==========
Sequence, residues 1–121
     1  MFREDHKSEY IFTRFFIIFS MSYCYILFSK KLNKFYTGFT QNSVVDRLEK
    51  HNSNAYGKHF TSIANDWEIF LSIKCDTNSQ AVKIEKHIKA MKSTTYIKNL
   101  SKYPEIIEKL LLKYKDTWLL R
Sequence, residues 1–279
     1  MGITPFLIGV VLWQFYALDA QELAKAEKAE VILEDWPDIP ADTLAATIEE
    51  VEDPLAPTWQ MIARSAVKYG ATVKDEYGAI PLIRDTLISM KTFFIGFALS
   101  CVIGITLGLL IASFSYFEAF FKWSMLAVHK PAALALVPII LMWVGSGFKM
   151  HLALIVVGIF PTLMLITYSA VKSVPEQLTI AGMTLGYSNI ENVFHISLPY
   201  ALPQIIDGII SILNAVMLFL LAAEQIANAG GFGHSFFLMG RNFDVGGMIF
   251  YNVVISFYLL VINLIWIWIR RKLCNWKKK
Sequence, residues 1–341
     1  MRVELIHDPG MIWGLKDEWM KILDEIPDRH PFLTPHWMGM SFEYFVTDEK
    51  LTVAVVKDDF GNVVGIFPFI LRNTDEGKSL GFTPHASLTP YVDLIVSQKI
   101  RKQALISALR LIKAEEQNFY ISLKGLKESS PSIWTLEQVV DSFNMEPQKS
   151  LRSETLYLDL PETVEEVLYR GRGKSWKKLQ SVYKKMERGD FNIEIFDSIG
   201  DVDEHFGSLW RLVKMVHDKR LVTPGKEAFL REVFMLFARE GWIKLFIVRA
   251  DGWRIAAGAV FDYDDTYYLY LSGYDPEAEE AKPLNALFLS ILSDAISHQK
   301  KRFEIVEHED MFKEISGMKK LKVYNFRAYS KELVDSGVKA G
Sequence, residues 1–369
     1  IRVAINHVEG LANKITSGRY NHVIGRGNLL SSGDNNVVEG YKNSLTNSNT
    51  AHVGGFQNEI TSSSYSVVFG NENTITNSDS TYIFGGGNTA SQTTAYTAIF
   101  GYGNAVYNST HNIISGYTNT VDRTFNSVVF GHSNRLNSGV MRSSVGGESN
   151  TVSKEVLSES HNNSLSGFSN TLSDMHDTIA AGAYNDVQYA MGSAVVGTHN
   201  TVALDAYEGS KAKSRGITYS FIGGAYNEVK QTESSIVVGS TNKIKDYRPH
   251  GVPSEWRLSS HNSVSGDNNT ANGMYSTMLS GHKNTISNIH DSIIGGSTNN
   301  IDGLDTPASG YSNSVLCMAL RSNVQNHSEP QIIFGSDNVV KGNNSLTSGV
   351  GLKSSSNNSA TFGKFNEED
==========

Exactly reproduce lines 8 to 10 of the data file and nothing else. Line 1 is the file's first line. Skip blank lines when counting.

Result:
   101  CVIGITLGLL IASFSYFEAF FKWSMLAVHK PAALALVPII LMWVGSGFKM
   151  HLALIVVGIF PTLMLITYSA VKSVPEQLTI AGMTLGYSNI ENVFHISLPY
   201  ALPQIIDGII SILNAVMLFL LAAEQIANAG GFGHSFFLMG RNFDVGGMIF